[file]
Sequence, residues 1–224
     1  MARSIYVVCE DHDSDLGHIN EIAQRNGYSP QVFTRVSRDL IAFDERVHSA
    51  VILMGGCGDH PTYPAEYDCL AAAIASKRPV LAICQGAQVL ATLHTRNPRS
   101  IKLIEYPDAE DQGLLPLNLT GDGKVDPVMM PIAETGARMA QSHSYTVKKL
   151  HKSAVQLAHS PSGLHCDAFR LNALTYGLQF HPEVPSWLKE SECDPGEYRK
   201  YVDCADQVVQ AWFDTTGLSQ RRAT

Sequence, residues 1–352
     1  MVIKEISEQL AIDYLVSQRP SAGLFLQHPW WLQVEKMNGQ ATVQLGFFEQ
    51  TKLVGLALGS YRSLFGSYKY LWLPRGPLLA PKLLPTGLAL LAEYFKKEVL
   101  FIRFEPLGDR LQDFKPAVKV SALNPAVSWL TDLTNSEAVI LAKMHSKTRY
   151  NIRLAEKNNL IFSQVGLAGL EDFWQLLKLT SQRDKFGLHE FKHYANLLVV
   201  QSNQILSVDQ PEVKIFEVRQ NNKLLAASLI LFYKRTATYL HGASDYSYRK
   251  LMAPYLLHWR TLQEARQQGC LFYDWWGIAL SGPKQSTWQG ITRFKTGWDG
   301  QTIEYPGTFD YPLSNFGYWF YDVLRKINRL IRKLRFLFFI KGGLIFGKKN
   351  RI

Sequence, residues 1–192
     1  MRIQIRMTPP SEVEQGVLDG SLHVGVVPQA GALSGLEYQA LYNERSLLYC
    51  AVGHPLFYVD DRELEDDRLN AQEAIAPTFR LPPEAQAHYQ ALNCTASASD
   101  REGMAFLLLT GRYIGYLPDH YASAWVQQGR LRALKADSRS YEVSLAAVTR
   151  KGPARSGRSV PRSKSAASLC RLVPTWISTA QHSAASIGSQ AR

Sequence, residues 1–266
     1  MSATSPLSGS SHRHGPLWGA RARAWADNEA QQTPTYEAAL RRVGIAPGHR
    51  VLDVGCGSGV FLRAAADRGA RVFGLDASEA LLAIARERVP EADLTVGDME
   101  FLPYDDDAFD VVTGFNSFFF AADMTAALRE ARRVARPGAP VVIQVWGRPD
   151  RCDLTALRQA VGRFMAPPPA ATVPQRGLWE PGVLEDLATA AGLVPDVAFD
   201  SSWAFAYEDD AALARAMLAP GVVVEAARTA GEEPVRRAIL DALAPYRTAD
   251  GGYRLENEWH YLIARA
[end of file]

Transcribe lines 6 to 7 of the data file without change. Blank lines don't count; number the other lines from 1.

   201  YVDCADQVVQ AWFDTTGLSQ RRAT

Sequence, residues 1–352